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German Dialects: The Franconian Dialect

Learn more about one of the most diverse dialects in Germany.
German Dialects: The Franconian Dialect

It’s pretty well-known that the Franks do not enjoy being grouped in with the Bavarians. And thus it follows: Franconian and Bavarian dialects are not the same. But the problem of dividing up Germany into linguistic groups doesn’t stop there. For one thing, Franconian doesn’t technically exist. And to show what we mean, we’ll take a look at the many different Franconian dialects and languages.

Languages And Dialects

Anyone who has explored languages and dialects knows that sometimes, it’s not so easy to put them into categories. First of all, the decision to classify something as a dialect or standalone language is often political rather than linguistic. Additionally, dialects don’t stop at borders — foreign or domestic. There are often a variety of dialects or variations within a supposedly uniform language that are barely noticeable from the outside. In many areas, a dialect will disappear altogether, with the standard language taking its place. Furthermore, some expressions are used differently in colloquial language than they are in linguistics.

The expression Hochdeutsch (“High German”) means Standard German colloquially, but in a linguistic context refers to the Upper German dialect. Sometimes, terms are also used in multiple ways. Saxon describes both Lower Saxon in the old settlement area of the Saxons in northern Germany and Upper Saxon in the modern-day state of Saxony.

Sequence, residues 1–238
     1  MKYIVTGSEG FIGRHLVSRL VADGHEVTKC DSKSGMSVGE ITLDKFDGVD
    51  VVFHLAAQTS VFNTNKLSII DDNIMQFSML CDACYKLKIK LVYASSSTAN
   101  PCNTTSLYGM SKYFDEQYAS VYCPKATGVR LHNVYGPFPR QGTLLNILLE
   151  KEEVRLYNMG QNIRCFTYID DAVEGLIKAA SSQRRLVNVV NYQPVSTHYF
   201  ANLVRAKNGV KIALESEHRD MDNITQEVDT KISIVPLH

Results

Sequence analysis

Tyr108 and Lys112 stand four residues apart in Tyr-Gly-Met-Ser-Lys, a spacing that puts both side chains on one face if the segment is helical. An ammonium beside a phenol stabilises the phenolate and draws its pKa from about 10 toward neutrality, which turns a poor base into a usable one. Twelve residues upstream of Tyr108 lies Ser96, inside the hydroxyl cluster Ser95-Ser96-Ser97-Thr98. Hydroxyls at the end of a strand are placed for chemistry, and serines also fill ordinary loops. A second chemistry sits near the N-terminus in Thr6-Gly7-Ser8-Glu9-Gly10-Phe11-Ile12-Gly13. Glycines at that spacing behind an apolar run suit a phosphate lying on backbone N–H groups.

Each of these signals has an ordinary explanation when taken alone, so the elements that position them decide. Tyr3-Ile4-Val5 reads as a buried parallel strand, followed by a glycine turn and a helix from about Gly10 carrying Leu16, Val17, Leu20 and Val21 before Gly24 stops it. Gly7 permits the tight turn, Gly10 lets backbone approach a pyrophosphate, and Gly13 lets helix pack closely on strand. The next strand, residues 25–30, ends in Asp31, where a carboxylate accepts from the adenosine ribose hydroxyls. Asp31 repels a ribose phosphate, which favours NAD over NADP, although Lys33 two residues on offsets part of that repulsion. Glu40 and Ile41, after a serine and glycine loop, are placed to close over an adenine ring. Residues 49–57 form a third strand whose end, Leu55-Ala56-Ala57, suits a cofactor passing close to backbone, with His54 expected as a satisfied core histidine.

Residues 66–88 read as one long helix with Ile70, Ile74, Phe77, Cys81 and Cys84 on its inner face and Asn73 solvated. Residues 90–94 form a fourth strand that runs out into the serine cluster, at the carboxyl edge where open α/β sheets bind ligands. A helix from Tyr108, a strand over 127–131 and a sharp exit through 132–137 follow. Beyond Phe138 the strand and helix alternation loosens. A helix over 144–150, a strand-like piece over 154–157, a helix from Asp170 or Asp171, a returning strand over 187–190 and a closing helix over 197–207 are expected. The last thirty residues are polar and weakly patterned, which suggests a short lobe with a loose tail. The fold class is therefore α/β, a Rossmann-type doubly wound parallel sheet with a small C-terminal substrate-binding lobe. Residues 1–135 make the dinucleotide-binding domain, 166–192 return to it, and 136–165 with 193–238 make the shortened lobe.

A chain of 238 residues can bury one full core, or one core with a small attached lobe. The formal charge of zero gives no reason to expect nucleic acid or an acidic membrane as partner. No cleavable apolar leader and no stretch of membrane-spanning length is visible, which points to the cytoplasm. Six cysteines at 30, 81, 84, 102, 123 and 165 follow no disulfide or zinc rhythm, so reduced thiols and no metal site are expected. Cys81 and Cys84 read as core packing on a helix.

All of these problems come together when we talk about Franconian. Intuitively, we’d like to place it in Franconia, the piece of land in the corner of Bavaria. Indeed, to outsiders’ ears, Franconian sounds similar to Bavarian: They greet with Grüß Gott and speak with a rolled [r] — so, enough said, right? With an introduction like this, it should be abundantly clear to the clever reader that the term Franconian is much more complicated in real life.

Are There Franconian Dialects or Franconian Languages?

When we say Franconian languages, that could to the West Germanic languages and dialects spoken by the Franks around the third century CE. More relevant to us, it can also refer to the languages and dialects that developed out of the Franconian dialects spoken in the north and east regions of the later Franconian Empire from the fifth to the ninth century.

There are, for example, the Rhine-Franconian and Moselle-Franconian dialects, which are spoken in Alsace and Lorraine, and which also include Luxembourgish. Dutch and Afrikaans (the official language of South Africa) are also both Lower Franconian languages. Franconian languages are, then, far more widely distributed than one might have thought, and these languages are barely scratching the surface.

The diversity of the Franconian dialects is due, among other things, to the fact that the language spread before an important change in pronunciation took place in the German-speaking regions. That is, the High German (or “second”) sound shift advancing from the south had been in progress since the sixth century. This regular, multi-phase type of language shift is characterized by the fact that the pronunciation changes over time.

  • In this case, a consonant shift turned [p] to [pf] or [f]. For example, the word [appel] started being pronounced as [Apfel] (“apple”), and [schip] became [Schiff] (“boat”).
  • The consonant [t], meanwhile, shifted to [s] or [ts]. To this day, speakers in the North say [dat], [wat] and [Water], while Southern speakers who underwent the shift say [was] (“what”), [das] (“that”), and [Wasser] (“water”).